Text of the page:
a cracked view of nerdiness

As a regular visitor to the Cracked website, I came across this piece  on “5 things that modern kids don’t understand about being a ‘nerd.'”  Having been one during my high school years (1981-’84)–and still am–I can relate to what the writer, John Cheese, talks about.  However, let me make these comments/observations:

 

#5. Liking Superheroes Used to Mean You Were a Little Kid, or an Awkward Dork.  True.  I used to read comic books in middle school, stopped in 8th grade, started up again my freshman year of college, and stopped for good sometime in the mid-Nineties, when 1) X-Men titles multiplied like bunnies with Viagra, and 2) when every comic became a soap opera. 

 

#4.  Being a Sci-Fi Fan Used to be For Nerds.  Ehhhh….yes and no.  The “regular” and “cool” kids I knew went to see Star Wars, and E.T., and other mainstream stuff like that.  Now, they certainly didn’t wear Star Wars t-shirts or read the novels (or if they did, they kept that at home), but it’s not like sci-fi was some cult thing.  After all, somebody was buying all those tickets  to break all those box-office records, and it wasn’t just “nerds.”

 

 #3.  PC Gaming was for Weird, Secluded Hobbyists.  I don’t know about that.  I didn’t have an PC until 1983 and though I think it could run games, I never got into it.  As the article says, most people didn’t have the money for that, because PCs were expensive.  But I do recall that the video game arcades at whatever mall you went to were always full:  does the name “Pac Man” ring a bell?  True, “Pac Man” and “Space Invaders” and other arcade games weren’t on PCs, but as soon as Atari came out with affordable versions you plugged into your TV, folks ran out and snapped them up.

 

 #2. Collecting Things Meant You Were Obsessive and Crazy.  Wait: you mean it doesn’t?  I have several hundred Warhammer 40,000 figures, all of them painted, but I started collecting those in 1987, when high school (and the people who might have hassled me about it) was well in my rearview mirror.  The article implies that it’s socially acceptable today to collect stuff, and to some extent, I think that’s true, so long as you’re talking stamps or baseball cards or coins or sports paraphernalia.  But today, in 2012, when you tell people that you have a garage-full of these:

 

 

…it’s 50/50 on whether they’ll say, “That’s so cool!” or ask, “What the hell is wrong with you?”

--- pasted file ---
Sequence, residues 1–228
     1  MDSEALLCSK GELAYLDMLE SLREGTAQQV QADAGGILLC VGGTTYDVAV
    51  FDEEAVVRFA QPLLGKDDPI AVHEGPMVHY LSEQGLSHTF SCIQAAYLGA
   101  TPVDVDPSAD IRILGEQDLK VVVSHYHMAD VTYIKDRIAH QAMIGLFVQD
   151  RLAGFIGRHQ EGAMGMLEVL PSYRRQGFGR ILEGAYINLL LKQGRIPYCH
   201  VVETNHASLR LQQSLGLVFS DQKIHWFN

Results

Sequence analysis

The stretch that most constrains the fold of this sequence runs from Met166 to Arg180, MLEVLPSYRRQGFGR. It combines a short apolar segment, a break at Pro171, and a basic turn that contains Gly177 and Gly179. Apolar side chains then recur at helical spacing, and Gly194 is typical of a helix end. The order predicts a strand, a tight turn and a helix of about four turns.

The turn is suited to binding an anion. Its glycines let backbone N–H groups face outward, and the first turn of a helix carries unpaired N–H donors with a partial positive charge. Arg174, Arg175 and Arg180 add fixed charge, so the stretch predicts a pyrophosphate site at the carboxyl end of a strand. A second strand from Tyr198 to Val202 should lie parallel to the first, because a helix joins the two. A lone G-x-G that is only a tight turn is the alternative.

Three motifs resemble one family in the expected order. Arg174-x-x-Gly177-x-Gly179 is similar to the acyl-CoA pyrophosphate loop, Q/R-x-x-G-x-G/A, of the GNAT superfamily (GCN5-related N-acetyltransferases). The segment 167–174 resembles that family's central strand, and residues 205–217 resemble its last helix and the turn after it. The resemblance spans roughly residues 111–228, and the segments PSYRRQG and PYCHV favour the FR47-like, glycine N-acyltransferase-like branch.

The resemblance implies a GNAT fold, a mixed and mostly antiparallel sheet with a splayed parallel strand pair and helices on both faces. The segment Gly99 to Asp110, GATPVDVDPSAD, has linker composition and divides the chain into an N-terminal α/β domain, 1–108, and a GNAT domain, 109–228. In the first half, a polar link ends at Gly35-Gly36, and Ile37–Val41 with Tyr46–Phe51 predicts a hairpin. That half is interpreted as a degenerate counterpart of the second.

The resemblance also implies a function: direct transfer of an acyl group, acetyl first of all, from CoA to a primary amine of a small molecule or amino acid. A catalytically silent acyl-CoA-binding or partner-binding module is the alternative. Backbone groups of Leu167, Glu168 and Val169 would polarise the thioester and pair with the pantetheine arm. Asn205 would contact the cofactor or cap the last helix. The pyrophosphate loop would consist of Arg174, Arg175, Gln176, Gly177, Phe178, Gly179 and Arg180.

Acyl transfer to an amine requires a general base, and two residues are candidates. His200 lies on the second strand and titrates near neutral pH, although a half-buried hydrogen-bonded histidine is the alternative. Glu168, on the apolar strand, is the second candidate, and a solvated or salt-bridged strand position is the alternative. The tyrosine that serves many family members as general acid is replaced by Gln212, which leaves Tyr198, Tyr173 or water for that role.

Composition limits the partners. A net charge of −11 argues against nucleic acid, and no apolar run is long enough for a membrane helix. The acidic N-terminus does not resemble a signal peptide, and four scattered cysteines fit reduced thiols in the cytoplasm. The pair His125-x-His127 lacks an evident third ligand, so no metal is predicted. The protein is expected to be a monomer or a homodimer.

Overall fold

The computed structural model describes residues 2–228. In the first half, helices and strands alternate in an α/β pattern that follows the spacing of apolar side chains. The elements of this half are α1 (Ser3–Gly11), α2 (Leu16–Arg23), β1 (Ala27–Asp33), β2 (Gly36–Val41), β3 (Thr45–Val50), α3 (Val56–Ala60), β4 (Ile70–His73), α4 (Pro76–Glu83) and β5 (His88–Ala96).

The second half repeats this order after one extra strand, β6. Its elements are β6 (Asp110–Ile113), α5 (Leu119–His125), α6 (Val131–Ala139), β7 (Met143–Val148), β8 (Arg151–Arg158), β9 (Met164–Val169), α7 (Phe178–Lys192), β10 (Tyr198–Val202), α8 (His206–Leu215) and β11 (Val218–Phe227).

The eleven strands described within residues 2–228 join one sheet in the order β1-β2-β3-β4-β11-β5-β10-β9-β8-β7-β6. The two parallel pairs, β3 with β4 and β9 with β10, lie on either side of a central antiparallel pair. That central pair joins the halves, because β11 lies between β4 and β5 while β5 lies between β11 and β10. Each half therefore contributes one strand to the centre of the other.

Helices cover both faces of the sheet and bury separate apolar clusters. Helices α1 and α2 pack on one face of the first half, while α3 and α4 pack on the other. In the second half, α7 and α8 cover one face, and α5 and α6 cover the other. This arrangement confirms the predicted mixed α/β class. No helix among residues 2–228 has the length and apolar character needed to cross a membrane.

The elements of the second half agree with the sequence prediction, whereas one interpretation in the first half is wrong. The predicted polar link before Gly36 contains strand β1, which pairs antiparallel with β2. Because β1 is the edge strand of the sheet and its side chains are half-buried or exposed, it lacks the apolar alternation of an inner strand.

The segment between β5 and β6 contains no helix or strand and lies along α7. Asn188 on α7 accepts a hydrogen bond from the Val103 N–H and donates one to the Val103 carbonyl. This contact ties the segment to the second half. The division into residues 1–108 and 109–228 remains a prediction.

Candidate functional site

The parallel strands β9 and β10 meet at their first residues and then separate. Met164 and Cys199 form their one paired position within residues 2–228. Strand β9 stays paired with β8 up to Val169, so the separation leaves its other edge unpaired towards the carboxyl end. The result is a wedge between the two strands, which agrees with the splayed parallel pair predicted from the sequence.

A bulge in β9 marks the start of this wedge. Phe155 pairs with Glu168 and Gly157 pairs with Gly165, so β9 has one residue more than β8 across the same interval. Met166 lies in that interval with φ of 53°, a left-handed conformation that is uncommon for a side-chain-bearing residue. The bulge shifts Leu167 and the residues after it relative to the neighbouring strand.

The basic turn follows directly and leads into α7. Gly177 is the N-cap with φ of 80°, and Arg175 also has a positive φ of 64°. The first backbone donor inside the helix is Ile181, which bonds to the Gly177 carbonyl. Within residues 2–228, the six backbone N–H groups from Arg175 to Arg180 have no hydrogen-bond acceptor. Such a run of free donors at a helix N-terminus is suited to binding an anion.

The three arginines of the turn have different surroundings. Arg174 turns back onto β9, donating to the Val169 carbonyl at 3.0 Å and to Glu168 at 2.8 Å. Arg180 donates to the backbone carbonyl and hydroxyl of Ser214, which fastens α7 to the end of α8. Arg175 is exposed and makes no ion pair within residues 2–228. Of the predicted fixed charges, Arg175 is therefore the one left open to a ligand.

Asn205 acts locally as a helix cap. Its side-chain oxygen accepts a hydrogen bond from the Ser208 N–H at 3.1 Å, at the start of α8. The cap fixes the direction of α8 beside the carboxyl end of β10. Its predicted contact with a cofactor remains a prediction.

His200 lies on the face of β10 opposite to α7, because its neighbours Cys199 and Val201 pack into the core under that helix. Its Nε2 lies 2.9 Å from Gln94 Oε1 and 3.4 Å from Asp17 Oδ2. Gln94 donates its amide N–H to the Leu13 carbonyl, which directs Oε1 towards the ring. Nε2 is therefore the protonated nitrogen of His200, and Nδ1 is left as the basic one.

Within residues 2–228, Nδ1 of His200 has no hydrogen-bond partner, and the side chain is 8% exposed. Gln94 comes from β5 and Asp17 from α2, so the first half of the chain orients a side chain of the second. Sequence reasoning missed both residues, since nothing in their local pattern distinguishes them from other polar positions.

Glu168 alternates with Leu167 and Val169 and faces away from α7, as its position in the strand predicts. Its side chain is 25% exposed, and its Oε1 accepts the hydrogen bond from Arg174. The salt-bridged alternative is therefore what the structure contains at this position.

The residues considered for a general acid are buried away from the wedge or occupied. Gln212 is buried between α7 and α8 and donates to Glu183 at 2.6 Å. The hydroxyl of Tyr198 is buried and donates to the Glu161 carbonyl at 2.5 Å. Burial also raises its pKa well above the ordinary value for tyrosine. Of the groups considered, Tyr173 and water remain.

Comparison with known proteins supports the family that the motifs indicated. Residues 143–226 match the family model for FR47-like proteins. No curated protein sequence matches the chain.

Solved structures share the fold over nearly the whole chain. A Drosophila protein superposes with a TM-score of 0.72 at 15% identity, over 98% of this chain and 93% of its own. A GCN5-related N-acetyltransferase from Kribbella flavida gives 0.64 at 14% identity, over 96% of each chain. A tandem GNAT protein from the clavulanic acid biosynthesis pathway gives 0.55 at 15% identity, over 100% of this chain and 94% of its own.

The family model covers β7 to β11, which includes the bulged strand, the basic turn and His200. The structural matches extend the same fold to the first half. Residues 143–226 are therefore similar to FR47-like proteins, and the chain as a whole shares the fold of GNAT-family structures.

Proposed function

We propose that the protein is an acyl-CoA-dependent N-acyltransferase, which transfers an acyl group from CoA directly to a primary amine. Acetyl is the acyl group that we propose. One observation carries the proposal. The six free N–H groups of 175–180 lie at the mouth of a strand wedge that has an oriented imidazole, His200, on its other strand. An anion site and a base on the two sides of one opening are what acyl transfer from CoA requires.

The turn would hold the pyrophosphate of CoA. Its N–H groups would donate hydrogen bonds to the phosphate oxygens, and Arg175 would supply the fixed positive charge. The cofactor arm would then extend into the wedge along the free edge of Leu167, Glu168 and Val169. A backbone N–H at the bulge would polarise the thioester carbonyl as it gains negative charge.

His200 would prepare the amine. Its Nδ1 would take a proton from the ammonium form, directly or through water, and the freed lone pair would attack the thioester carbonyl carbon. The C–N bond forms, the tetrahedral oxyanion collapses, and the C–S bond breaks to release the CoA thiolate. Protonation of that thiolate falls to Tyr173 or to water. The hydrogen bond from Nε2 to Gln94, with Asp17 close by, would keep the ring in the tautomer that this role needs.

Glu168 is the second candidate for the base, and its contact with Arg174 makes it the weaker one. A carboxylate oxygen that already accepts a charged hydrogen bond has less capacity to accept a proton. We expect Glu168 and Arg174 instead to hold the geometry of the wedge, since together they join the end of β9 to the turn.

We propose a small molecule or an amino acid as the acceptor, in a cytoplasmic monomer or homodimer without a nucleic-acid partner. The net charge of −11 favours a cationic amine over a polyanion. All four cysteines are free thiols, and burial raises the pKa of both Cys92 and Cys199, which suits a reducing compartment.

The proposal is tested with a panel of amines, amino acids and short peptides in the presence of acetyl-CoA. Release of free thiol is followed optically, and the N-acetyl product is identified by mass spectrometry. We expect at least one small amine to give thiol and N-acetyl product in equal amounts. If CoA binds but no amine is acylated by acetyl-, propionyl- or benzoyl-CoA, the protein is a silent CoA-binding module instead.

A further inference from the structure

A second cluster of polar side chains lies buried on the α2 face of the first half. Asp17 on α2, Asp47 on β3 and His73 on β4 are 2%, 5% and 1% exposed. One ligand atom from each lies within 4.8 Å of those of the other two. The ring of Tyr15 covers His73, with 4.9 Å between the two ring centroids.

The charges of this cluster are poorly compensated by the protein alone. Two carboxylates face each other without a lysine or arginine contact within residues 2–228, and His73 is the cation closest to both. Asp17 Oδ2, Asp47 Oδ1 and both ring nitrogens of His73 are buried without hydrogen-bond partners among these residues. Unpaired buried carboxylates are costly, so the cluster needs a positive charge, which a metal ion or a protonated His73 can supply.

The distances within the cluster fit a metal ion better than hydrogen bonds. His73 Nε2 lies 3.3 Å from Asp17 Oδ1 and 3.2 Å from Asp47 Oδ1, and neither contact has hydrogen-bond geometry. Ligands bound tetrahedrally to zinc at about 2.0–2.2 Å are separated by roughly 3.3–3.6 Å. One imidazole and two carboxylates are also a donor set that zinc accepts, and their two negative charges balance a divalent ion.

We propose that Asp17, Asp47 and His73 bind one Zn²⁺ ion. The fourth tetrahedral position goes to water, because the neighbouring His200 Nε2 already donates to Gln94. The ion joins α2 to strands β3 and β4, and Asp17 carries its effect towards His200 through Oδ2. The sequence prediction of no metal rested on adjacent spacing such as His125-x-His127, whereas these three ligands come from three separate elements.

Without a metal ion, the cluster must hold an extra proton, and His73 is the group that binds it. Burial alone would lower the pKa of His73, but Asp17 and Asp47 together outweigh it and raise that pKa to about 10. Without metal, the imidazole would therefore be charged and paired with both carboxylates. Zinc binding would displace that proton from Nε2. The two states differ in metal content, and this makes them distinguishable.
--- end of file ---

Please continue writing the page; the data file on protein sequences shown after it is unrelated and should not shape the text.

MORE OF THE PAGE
#1. Fantasy Geeks Were the Lowest of the Low.  Absolutely true back then, in the early ’80’s, and still true, to some extent, now.  It’s socially ok to tell people you’re looking forward to seeing The Hobbit  when it comes out this December; it’s still not ok to discuss all the D&D I played as a teenager.  I didn’t get hassled in high school because 1) few people other than those I gamed with knew I was into it; and 2) my best friend at the time (also a gamer in our group) was built like a gorilla (literally: this kid shaved every day when he was 15 and had biceps bigger than my thighs).  Speaking of getting hassled….

 

What’s with all the talk about beatings/bullying?  Cheese makes it sound like if he had breathed a word about his nerdy tendencies he would have been curbstomped by the whole football team while the cheerleaders giggled and applauded.  I mean, my high school had its cliques, too, but maybe I just lucked out, because no one was getting beaten up because they were a nerd.  Perhaps it helped that my school was what we’d now call a magnet school, and about 40% of the kids were enrolled in the Science and Technology department.  So, no, I didn’t live through what he describes.  Yeah, I kept my geekery on the downlow, but it wasn’t because I feared for my life.

 

Why so vulgar?   I’m not easily offended by potty mouths, sex humor, or any other scatological stream of consciousness: I mean, I do regularly visit Cracked, so I know what I’m getting.  But even so, this article seems to go out of its way to be offensive, and I find it unnecessary and jarring.

 

     

             

 
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